If this is something short of complicity in a Chinese cover-up—which is what former National Security Adviser John Bolton has alleged of the WHO—it does point to a big vulnerability: The group’s membership includes transparent democracies and authoritarian states and systems in between, which means the information the WHO puts out is only as good as what it’s getting from the likes of Xi Jinping and Russian President Vladimir Putin. North Korea, for instance, has reported absolutely no coronavirus cases, and the WHO isn’t really in a position to say otherwise.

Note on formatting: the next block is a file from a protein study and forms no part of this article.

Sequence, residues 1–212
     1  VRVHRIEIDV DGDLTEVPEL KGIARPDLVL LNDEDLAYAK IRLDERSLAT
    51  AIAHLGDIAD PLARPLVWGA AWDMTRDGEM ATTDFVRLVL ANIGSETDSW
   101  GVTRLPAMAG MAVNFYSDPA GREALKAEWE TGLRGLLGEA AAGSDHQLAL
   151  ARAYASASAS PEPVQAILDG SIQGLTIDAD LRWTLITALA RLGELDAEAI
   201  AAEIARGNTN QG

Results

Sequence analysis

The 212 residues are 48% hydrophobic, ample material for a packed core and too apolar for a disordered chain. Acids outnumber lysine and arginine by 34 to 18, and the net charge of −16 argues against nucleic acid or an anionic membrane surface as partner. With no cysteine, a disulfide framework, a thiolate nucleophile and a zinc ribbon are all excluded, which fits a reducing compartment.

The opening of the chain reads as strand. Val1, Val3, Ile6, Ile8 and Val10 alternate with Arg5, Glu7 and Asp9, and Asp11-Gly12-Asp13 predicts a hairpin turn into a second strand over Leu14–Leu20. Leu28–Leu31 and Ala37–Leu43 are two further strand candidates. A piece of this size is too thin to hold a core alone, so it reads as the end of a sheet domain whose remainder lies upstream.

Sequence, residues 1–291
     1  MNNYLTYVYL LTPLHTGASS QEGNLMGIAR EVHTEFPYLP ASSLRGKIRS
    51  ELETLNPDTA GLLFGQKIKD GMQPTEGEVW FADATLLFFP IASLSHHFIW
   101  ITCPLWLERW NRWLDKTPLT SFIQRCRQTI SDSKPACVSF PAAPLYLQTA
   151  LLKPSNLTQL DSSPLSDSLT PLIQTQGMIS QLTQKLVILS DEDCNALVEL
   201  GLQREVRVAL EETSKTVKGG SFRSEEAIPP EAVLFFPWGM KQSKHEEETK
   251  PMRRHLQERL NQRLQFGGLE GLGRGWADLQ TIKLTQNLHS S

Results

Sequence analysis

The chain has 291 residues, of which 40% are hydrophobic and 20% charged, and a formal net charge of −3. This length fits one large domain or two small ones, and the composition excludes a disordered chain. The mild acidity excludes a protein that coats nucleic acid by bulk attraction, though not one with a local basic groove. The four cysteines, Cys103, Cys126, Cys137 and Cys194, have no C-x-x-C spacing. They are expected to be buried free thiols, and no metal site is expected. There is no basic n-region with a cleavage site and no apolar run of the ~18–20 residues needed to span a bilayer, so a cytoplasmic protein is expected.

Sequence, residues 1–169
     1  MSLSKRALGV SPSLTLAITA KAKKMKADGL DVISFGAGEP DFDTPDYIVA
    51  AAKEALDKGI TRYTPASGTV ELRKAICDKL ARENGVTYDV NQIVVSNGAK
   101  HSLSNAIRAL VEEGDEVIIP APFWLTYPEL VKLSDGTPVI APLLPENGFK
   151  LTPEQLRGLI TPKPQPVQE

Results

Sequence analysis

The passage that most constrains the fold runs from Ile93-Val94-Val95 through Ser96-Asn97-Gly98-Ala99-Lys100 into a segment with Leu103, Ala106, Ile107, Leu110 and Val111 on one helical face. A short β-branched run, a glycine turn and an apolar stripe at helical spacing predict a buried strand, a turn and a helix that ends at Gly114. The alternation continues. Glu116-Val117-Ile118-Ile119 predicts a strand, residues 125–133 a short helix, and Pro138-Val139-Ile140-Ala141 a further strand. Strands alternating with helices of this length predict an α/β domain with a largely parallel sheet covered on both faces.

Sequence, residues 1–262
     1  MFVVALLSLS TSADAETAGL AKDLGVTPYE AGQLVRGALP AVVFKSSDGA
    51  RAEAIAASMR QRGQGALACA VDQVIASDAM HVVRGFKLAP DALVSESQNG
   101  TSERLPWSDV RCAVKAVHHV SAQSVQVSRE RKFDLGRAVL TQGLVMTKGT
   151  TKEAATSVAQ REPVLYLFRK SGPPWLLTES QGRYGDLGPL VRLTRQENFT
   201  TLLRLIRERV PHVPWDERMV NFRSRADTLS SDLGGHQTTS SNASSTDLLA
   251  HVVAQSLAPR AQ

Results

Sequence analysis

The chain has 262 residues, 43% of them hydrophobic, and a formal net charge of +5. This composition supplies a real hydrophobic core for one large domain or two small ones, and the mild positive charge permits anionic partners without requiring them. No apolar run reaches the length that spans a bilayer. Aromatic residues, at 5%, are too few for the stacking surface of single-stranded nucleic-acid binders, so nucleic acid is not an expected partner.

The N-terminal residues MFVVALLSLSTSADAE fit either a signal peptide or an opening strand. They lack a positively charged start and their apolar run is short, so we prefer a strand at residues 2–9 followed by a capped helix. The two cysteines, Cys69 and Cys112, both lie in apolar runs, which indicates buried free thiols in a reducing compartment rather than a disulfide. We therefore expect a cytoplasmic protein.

The structure also gives WHO leaders like Tedros an incentive not to anger member states, and this is as true of China as it is of countries with significantly less financial clout. During the Ebola epidemic in 2014, Clift said, WHO took months to declare a public-health emergency. “That’s three very small West African countries, and WHO didn’t want to upset them,” Clift said. “WHO didn’t cover itself in glory in that one.” The response this time has been much faster and better, in Clift’s observation. “It doesn’t mean it shouldn’t be examined afterwards to see what they could have done better,” he said. “And one should really investigate the origins of what happened in China.”